PETERSON AIR FORCE BASE, Colo. --
When I was first notified of my assignment as the chief of safety for the 21st Space Wing, I’ll admit, I had some mixed feelings. Coming from the Pentagon, I was excited to get back to the Wing, especially the premier wing in AFSPC. But honestly, I had no idea what a chief of safety’s job was. And worse, I had no real understanding of what the Safety Office provides to the fight. I figured reflective belts, hard hats, green vests and clip boards would be involved. I also assumed my job was to be a wet blanket, going around to work centers saying “no, you can’t do that” and “unplug that” and “for goodness sake, put that down”. In short, I was pretty sure my role as a parent would now directly correlate to my role at work. But now that I’ve been in the position for almost a year, I realize just how wrong I was. The Safety Office is here to serve the community and brings to the table a wealth of experience and information to help you make informed risk management decisions. Unfortunately, if you’re anything like I was, you’re not really sure just what that involves. So, let’s clear it up, shall we?
First and foremost, it’s important to realize that your Safety Team is an exceptionally highly trained and dedicated group of individuals. People don’t just end up in the career field--they must volunteer. And once they do, there’s no guarantee they’ll be accepted into the safety community. Candidates must first be vetted during a pre-training internship with a Wing Safety office and must gain the endorsement of the resident chief of safety prior to entering training. Upon successful completion of the internship, the candidate must then graduate from a demanding technical school which covers not just Air Force guidance, but DoD and Federal guidance as well. As a result, your safety professionals are dedicated, trained, and knowledgeable. As if that foundation wasn’t enough, these experts are further trained and experienced in Occupational, Flight, Weapons and/or Space safety disciplines.
Your Occupational Safety Team, led by Luis “Lucky” Harris and Master Sgt. John Skelton, also includes Tech. Sgt. Wade Woods and Bob Brock; combined, they bring 68 years of experience to the table. Facility inspections, risk assessment codes, dig permits, personnel mishaps, on the job accidents and a host of other related actions all fall within their job jar. Their primary function, like all safety disciplines, is mishap prevention. Exhaustive after action reviews, investigations and reports are their bread and butter. If there’s a lesson learned to be captured, they’ll document it and put procedures in place to prevent it from happening again. These are the professionals you’re most likely familiar with. But what about the other disciplines?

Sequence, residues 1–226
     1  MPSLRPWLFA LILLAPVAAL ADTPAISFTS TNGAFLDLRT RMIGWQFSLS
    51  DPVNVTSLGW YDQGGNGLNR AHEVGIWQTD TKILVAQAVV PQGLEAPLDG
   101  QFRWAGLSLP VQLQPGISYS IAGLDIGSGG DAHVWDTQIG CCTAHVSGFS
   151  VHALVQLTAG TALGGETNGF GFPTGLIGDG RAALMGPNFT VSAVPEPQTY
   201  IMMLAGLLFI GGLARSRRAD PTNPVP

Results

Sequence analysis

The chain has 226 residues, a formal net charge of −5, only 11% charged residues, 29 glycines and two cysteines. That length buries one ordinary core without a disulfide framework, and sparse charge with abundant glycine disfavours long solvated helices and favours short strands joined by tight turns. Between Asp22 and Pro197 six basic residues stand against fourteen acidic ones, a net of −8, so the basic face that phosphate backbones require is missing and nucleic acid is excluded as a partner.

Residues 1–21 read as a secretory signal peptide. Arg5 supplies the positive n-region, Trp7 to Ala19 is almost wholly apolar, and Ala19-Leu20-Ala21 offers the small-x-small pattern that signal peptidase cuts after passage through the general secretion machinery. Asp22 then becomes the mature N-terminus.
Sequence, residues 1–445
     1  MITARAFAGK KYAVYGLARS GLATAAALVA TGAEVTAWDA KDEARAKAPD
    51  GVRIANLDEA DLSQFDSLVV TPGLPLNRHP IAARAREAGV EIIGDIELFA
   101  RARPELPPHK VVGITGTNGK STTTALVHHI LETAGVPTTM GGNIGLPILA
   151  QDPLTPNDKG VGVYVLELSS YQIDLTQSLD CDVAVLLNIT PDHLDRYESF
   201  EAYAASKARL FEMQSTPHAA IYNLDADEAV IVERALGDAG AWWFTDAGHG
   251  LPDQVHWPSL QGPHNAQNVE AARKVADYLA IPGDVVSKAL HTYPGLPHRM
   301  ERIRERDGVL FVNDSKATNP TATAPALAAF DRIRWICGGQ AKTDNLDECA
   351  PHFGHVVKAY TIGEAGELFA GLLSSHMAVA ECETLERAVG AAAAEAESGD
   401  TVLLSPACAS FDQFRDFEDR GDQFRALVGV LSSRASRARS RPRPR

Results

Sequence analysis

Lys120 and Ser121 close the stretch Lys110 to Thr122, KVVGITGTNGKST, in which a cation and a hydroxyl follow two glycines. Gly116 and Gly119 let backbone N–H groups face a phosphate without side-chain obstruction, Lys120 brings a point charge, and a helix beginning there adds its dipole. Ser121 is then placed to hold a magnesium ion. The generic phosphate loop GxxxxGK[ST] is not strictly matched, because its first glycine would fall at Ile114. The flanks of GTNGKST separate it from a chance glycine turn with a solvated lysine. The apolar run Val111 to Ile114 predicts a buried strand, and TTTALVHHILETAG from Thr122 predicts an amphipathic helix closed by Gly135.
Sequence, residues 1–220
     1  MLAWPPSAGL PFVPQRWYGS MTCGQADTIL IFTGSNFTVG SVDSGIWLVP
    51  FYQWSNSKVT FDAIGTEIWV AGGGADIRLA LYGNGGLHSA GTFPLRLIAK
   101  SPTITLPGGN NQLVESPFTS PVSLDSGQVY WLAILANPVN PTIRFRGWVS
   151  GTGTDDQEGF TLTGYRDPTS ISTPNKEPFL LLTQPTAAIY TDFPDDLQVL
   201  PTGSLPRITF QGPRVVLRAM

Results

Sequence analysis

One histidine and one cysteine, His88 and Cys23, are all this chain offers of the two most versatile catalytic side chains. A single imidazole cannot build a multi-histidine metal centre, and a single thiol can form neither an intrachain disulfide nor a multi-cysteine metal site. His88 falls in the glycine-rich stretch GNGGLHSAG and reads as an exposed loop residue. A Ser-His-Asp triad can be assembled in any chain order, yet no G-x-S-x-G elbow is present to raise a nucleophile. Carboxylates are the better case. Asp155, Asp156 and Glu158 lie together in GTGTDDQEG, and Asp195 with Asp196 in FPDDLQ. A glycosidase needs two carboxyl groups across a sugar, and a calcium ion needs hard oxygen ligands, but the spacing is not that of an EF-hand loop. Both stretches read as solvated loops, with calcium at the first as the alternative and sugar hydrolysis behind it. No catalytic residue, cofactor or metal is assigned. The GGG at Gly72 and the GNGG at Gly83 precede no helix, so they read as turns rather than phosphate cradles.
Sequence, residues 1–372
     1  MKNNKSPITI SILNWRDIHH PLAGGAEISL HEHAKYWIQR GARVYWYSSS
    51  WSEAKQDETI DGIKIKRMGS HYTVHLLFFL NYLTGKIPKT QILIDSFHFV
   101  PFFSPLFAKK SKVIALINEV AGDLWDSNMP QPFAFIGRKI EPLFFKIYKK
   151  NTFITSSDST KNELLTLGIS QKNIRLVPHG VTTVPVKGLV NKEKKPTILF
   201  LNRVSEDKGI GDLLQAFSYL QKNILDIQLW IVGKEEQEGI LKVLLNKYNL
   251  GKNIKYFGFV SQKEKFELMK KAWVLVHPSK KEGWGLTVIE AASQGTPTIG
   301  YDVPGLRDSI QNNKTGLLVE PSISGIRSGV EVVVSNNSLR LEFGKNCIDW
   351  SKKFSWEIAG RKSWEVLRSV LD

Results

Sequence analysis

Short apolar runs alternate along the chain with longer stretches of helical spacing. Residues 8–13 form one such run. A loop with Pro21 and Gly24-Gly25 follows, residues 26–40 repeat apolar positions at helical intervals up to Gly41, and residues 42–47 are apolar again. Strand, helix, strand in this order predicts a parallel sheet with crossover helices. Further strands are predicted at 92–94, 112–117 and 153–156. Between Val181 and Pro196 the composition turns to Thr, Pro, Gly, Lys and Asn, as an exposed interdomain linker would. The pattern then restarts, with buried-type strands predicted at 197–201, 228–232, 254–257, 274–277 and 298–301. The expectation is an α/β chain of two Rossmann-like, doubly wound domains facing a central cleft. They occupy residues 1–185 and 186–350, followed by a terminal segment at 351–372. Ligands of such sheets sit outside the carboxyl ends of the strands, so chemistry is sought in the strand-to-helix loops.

Flight Safety is led by Darron Haughn. I admit, this is the discipline with which I was least familiar, but now is one for which I have great appreciation. One of the key programs run by flight safety is the Bird Aircraft Strike Hazard (BASH) program. Working hand in hand with the U.S. Department of Agriculture, Haughn has in place a program which mitigates the omnipresent risk of aircraft bird strikes not just for Peterson, but for the City of Colorado Springs Airport as well. In itself, it could be a full time job, but he also performs accident investigations and provides support to our mission partners (NORAD/USNORTHCOM, 302nd Airlift Wing, Schriever AFB, USAFA, the City of Colorado Springs, et al.). A prior C-130 pilot with 1200 flight hours, chief of safety training, and 20 years of experience, he knows the flight line like the back of his hand.
Weapons Safety is led by Larry Lewis. Lewis has 30 years of experience and is an unparalleled expert in explosive munitions. He oversees ammunition transfers from Ft. Carson, understands the nuances of establishing National Defense Areas, performs weapons safety area inspections, and even keeps watch over events such as the NORAD/USNORTHCOM change of command cannonade. His expertise has guaranteed that we haven’t had a weapons safety violation in the three years he’s been here. If you’ve got a weapons safety issue or concern, you couldn’t be in better hands.
Finally, Space Safety is led by our newest member, Tech. Sgt. Nicholas Price. Price recently arrived from 4th Space Control Squadron, widely regarded as one of the top tier operational space units, and he’s hit the ground running. With responsibility over our Ground Based Radar, Space Surveillance and Space Control missions, his focus is on mission impacting hardware failures. But he also will provide oversight of software testing to ensure our primary mission is always in the best position to dominate the high ground. If you are a 1C6 or 13S and don’t understand the role of Space Safety, let him enlighten you!
So, with all of the above in mind, I hope that when you see an occasional reflective belt, vest, hardhat or clip board around base, you now understand that Safety is a mission enabler rather than a mission road block. Our office stands by to help support you and your mission by pointing out areas of risk, providing ways of assuaging that risk, and capturing lessons learned when existing Risk Management guidance isn’t enough.